The Scotsman’s sporran – then and now
As uniquely Scottish as the kilt itself, a Scotsman’s sporran – at its most basic a pouch worn around the waist at the front of the kilt to take the place of pockets – is an essential part of any style of complete Highland kilt outfit! Along with the jacket style, the sporran is the strongest indicator of the level of formality you are aiming for with your outfit, although the style of other elements such as the shirt, tie, hose, etc. are also still very important of course.
There are three main styles of sporran you can choose from, each with its own features and distinctive appearance, and we will discuss these in turn. However, first a small history lesson!
The first sporrans are thought to originate from around the 14th century; they developed from the commonly used medieval purse, or scrip, and developed into a recognisable form of a calf skin or deer hide pouch with tasselled drawstring around this time – although they may still have often been worn on the hip at this time. The sporran, like all aspects of traditional Highland dress first originated from necessity. The kilt in all its traditional forms does not allow for pockets, and so the sporran allowed Highlanders to conveniently carry coins, food and other personal items.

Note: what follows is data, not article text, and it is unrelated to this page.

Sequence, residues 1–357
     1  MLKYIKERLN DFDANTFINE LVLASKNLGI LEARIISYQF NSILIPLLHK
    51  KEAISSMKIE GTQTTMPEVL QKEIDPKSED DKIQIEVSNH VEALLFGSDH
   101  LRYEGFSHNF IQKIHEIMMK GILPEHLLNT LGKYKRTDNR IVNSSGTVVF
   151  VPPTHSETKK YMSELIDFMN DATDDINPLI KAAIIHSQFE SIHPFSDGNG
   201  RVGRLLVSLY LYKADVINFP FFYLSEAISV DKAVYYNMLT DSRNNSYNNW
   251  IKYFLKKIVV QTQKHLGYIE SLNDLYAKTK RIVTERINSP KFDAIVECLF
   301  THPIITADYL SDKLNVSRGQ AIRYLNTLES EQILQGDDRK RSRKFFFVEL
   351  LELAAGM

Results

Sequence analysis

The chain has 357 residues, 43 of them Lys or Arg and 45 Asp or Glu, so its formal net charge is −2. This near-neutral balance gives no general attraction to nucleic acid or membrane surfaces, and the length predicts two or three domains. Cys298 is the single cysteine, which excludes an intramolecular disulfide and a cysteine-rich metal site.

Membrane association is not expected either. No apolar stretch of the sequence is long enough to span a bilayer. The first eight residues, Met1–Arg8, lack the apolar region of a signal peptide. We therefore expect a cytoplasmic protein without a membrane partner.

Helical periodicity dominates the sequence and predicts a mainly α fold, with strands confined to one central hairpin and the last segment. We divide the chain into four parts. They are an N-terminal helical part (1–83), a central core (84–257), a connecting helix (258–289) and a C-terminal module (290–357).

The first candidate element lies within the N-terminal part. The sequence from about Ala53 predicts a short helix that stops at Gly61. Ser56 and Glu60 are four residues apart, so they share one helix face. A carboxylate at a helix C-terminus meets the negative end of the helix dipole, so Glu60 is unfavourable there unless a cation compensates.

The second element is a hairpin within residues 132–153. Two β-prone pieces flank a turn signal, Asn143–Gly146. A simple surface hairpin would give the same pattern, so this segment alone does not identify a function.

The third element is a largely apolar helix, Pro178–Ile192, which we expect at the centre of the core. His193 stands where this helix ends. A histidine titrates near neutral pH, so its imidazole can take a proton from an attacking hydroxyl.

The sporran continued in this form for many generations, and it was only in the late 17th to early 18th century that further innovations were seen. Initially these modifications were simply to introduce metal clasps and other adornments to the simple bag, made from a variety of metals, most often brass, but silver was sometimes used for sporrans belonging to clan chiefs. Some of these clasps are very intricate, or feature detailed etchings, which show the beginnings of the sporran being seen as an accessory worthy of highlighting with deliberate design elements. It is around this time that sporrans began to be usually worn at the front of the kilt, instead of on the hip as was previously commonplace.
Not long after this, the Scottish military made the first recorded use of fur sporrans, featuring flap tops and a range of animal skin coverings. These sporrans are very recognisable and similar to those used today! These developed into the wide variety we see now; though the “full mask” style, with the complete head of an animal (usually the one whose fur is used on the pouch of the sporran) mounted on the flap of the sporran, has dropped out of favour slightly, and, many species are now protected, prohibiting their use in fashion endeavours, quite correctly! However, with developments in leather working and a whole range of alternative furs, and faux furs, sporrans have never been more varied and vibrant than they are now.